The New York Times bestselling winner of the 2016 James Beard Award for General Cooking and the IACP Cookbook of the Year Award.
A grand tour of the science of cooking explored through popular American dishes, illustrated in full color.
Ever wondered how to pan-fry a steak with a charred crust and an interior that's perfectly medium-rare from edge to edge when you cut into it? How to make homemade mac 'n' cheese that is as satisfyingly gooey and velvety-smooth as the blue box stuff, but far tastier? How to roast a succulent, moist turkey (forget about brining!)—and use a foolproof method that works every time?
As Serious Eats's culinary nerd-in-residence, J. Kenji López-Alt has pondered all these questions and more. In The Food Lab, Kenji focuses on the science behind beloved American dishes, delving into the interactions between heat, energy, and molecules that create great food. Kenji shows that often, conventional methods don’t work that well, and home cooks can achieve far better results using new—but simple—techniques. In hundreds of easy-to-make recipes with over 1,000 full-color images, you will find out how to make foolproof Hollandaise sauce in just two minutes, how to transform one simple tomato sauce into a half dozen dishes, how to make the crispiest, creamiest potato casserole ever conceived, and much more.
An easy, foolproof method to get dinner on the table in a hurry. Slice boneless breasts in two, pound to 1/4" thickness (I use a wooden rolling pin), a quick dredge in flour, and just a few short minutes in the pan until the chicken is ready. Equally quick, and delicious is the classic lemon caper pan sauce. Its a classic—butter, shallots, white wine, and lemon juice come together to make a quick rich sauce with brightness from the lemon.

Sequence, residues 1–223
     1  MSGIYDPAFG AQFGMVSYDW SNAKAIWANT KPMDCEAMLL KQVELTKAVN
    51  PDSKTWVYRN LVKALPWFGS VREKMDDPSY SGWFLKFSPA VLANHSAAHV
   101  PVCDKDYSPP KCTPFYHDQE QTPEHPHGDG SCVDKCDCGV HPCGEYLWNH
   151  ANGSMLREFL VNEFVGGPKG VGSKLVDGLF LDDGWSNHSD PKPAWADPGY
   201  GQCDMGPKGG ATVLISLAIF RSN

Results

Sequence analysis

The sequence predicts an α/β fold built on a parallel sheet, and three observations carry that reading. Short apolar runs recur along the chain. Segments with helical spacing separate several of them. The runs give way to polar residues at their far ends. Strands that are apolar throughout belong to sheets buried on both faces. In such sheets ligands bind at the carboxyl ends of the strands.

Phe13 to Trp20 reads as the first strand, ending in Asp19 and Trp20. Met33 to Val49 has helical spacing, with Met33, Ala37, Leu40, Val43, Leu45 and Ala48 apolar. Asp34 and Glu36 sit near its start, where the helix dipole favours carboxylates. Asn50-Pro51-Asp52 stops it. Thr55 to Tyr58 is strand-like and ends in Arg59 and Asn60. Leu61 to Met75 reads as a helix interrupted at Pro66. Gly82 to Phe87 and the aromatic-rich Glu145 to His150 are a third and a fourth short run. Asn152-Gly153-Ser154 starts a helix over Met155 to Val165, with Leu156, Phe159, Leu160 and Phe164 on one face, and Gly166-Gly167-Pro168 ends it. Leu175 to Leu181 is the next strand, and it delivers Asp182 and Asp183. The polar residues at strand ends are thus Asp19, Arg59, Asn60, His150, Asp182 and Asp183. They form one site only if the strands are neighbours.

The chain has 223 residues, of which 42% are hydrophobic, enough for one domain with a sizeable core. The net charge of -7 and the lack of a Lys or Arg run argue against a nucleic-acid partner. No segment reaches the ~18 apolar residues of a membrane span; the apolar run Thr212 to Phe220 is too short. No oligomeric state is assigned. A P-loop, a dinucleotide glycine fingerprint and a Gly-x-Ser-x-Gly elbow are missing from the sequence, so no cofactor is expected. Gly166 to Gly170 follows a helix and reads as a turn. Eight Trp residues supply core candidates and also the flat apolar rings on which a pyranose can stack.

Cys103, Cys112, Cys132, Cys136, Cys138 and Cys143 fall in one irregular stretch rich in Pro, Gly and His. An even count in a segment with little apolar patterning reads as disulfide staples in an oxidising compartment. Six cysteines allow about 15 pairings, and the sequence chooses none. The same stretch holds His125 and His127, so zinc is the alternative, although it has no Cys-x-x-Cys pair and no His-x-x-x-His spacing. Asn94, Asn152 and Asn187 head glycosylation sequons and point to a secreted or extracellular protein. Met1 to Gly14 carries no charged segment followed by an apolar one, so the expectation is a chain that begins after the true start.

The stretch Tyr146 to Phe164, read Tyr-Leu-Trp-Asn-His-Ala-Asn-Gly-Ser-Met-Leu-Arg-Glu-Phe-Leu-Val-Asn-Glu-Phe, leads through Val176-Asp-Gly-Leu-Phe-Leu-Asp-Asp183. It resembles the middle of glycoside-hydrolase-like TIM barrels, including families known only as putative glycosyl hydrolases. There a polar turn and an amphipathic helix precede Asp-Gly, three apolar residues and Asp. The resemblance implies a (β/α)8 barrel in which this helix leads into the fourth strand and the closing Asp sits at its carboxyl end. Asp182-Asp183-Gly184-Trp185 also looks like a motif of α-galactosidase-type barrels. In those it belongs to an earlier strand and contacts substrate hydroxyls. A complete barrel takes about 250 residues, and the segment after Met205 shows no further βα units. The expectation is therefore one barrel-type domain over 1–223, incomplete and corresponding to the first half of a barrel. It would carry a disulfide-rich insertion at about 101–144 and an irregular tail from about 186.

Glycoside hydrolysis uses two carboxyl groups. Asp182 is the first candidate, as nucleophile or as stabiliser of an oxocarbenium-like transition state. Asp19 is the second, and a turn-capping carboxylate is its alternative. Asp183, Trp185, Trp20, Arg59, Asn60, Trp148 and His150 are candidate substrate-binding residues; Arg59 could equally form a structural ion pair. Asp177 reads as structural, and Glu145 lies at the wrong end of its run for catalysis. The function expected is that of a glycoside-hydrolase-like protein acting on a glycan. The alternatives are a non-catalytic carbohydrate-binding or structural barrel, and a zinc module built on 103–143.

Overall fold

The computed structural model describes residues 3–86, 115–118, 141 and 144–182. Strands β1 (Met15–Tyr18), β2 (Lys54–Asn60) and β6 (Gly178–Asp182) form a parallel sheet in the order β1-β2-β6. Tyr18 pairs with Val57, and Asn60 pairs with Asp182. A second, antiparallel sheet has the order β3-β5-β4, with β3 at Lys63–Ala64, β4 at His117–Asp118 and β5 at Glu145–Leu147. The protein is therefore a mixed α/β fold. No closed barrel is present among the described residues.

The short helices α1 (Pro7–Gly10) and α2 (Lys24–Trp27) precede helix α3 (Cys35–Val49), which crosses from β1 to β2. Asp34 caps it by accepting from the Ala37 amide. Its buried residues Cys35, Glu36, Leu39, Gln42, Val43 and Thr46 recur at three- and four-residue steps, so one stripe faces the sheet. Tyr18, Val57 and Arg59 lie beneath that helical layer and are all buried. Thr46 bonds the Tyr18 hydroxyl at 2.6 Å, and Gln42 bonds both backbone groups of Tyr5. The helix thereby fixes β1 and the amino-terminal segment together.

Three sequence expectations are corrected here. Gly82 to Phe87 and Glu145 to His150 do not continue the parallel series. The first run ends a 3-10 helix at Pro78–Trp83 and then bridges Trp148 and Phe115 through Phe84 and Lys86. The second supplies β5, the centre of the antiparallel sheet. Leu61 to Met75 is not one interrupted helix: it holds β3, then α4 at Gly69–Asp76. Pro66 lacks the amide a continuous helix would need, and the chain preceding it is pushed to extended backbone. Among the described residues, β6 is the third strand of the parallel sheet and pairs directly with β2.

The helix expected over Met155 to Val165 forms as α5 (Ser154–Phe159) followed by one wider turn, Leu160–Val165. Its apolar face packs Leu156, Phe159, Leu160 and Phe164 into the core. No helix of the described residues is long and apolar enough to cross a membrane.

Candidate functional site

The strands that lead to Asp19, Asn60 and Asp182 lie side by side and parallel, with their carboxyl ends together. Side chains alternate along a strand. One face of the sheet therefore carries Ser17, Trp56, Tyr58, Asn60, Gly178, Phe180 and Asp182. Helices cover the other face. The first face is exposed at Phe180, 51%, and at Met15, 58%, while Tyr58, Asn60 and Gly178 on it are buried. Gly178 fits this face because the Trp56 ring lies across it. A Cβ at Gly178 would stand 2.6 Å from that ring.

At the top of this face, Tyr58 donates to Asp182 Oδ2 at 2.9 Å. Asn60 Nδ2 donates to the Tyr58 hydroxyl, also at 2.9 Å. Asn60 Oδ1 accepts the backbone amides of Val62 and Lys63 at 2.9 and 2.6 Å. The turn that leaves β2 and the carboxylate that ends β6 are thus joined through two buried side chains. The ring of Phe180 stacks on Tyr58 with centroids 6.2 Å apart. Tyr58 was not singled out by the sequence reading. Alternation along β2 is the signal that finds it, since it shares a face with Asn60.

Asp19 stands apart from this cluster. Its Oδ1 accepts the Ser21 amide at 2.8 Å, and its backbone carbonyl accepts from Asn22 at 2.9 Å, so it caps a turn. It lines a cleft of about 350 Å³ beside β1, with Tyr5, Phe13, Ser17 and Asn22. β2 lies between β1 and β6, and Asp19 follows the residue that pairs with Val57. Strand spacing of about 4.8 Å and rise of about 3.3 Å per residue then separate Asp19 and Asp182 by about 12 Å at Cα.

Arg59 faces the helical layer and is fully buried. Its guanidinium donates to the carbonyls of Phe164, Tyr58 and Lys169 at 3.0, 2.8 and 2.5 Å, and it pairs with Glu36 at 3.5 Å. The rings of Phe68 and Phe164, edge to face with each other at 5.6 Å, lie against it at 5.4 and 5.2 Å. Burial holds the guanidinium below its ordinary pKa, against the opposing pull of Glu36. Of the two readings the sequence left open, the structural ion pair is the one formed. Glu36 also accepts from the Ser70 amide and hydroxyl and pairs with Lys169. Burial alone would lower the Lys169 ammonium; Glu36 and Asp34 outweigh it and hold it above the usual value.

Easy, delicious, the last hollandaise recipe you'll need.
I'm partial to cooking bacon in the oven—it eliminates the mess of doing it on the stovetop, and there's something unsatisfying about microwaved bacon. Use Kenji's method for beautiful, crispy bacon, especially if cooking for a crowd.
Before trying Kenji's method I struggled with egg shell stuck on the egg. Since using his method, haven't seen had a pock marked egg.
We first made this as a side to Christmas roast duck, and have made it over and ever since.
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